Relationship among fatness, blood lipids, and insulin resistance in Pakistani children.J Health Popul Nutr. 2005 Mar; 23(1):34-43.JH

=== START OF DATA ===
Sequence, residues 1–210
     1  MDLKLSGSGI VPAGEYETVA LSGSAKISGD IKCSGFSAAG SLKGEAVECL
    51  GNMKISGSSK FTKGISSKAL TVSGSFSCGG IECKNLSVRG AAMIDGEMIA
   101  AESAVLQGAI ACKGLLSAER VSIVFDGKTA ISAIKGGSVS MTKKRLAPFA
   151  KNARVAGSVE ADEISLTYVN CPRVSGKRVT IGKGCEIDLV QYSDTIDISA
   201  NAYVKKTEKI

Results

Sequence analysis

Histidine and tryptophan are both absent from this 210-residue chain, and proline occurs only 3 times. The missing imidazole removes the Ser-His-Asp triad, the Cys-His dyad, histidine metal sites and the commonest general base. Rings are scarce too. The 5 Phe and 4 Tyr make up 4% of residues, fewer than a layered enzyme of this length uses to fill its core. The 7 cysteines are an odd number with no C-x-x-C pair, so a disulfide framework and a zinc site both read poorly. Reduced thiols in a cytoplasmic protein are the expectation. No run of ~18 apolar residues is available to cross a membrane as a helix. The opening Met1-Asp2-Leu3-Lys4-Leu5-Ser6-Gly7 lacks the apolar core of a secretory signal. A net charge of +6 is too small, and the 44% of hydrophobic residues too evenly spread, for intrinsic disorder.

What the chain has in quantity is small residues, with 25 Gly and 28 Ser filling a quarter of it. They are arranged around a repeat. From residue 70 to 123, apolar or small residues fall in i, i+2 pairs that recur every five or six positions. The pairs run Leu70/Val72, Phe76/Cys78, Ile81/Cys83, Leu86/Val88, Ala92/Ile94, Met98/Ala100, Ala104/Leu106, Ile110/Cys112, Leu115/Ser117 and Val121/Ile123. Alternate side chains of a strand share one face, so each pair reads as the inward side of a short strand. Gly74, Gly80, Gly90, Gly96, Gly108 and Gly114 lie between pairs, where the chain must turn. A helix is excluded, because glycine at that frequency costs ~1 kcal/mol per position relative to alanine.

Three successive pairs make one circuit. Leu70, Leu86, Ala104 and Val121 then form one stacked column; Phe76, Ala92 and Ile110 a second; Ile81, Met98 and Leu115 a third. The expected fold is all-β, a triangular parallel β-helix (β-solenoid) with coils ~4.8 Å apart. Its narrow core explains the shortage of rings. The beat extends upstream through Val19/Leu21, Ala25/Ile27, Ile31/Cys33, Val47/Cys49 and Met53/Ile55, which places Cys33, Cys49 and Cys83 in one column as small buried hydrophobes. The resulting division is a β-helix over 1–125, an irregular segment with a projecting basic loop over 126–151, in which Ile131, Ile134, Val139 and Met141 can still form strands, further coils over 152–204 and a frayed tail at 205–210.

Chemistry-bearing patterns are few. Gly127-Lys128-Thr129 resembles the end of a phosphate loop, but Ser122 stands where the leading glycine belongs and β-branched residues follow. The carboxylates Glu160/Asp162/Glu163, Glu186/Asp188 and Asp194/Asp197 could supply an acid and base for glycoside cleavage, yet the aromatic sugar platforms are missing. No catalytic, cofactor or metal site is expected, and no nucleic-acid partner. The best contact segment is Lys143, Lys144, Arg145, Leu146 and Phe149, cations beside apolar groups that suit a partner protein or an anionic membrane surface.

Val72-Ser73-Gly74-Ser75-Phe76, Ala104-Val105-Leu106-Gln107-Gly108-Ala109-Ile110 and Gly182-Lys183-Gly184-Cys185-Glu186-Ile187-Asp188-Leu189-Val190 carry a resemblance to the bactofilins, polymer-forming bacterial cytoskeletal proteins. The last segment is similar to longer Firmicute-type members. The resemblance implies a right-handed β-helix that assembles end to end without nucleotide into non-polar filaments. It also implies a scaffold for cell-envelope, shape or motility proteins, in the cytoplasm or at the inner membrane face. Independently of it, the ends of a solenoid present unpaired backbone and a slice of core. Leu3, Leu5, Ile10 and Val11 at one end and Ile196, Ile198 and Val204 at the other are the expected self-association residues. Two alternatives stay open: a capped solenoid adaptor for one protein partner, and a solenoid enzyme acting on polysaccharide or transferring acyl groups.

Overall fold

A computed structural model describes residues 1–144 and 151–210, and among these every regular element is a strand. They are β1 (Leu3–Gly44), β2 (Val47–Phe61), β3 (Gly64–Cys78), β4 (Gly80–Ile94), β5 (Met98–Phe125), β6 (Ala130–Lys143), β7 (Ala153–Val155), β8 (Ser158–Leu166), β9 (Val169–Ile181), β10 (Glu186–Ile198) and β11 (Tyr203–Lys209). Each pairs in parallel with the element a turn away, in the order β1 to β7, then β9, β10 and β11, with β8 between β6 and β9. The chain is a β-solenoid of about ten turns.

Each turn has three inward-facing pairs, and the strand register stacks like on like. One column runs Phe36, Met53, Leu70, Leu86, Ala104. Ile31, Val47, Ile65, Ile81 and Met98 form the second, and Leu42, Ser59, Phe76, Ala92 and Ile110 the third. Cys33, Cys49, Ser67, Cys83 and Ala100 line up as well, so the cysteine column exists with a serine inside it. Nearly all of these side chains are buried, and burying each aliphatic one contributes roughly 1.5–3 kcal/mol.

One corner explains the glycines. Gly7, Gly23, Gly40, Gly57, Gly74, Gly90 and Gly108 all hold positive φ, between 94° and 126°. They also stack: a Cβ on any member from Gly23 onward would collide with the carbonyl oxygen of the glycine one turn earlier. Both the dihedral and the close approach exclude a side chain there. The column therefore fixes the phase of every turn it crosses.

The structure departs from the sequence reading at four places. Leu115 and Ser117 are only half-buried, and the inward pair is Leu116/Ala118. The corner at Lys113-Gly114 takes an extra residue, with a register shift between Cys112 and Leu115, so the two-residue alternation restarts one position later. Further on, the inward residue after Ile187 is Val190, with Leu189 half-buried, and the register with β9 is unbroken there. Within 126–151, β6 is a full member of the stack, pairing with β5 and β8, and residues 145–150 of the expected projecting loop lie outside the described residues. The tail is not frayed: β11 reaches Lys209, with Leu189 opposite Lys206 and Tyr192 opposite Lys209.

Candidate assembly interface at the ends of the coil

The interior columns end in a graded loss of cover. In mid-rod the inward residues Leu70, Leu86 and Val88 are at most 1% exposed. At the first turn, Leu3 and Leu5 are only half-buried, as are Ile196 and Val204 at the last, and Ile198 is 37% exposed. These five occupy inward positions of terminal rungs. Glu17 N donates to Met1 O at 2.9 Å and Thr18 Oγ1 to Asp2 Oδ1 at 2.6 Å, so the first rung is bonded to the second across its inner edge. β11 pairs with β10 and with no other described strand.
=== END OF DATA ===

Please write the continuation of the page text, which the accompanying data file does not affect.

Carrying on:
Observations on associations between fatness and metabolic risks among South-East Asian adults have resulted in devising lower thresholds of body mass index (BMI) for them. Metabolic abnormalities, including type 2 diabetes, are now also appearing in children and are associated with obesity. There has not been much work done to identify indicators of metabolic risks among South Asian children. This study was undertaken to observe the relationship among fatness, blood lipids, and insulin resistance in Pakistani children. Fatness, lipids, and insulin resistance were assessed in 92 middle-class Pakistani school children aged 8-10 years. Height, weight, waist, hips, mid-arm circumference, and triceps skin-fold, measured in school, were used for calculating various indicators of fatness, i.e. BMI, waist hip ratio (WHR), and arm-fat percentage. Fasting blood samples were analyzed for total lipids, triglycerides (TG), total cholesterol (TC), high density lipoprotein (HDL), low density lipoprotein (LDL), glucose and insulin levels. Homeostasis model assessment (HOMA) index was calculated to assess insulin resistance. Two separate multiple regression models of various risk indicators (family history, sex, BMI, WHR, arm-fat percentage) showed that only arm-fat percentage had a significant positive association both with insulin levels (b = 2.04, p = 0.044) and LDL (b = 2.11, p = 0.037). Only five children were overweight (BMI-for-age > 85th percentile according to National Center for Health Statistics 2000 reference). Neither overweight children nor those who were in the uppermost tercile of BMI-for-age differed significantly from other children in terms of presence of higher-than-desirable values of lipids or insulin. However, compared to those in the lowest tercile, children who were in the uppermost tercile of armfat percentage had a significantly higher frequency of high blood cholesterol (40% vs 67%, p = 0.027), high LDL (33.3% vs 61.3%, p = 0.026), and markedly higher proportion above average insulin levels (16.7% vs 35.5%, p = 0.083). Arm-fat percentage could be developed as a practical tool for determining the risk status of children. However, further cross-sectional assessments are needed to ascertain accurate relationships among arm-fat percentage, lipid profiles, and insulin resistance in larger and varied groups of children.